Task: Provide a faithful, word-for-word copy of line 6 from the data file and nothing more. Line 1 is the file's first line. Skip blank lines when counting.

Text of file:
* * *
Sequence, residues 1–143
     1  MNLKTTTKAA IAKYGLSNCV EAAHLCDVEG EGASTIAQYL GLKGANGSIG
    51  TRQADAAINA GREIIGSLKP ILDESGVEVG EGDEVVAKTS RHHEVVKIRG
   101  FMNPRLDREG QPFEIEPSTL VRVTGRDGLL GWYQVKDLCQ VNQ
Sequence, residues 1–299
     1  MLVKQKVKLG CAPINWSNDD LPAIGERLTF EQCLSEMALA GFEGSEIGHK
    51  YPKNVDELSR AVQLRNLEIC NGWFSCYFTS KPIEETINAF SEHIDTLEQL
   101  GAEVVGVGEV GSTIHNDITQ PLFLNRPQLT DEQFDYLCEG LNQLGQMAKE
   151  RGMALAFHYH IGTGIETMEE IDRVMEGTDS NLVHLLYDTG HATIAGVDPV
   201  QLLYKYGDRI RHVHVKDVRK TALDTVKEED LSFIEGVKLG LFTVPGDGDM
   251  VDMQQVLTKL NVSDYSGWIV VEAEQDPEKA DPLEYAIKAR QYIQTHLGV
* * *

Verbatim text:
     1  MLVKQKVKLG CAPINWSNDD LPAIGERLTF EQCLSEMALA GFEGSEIGHK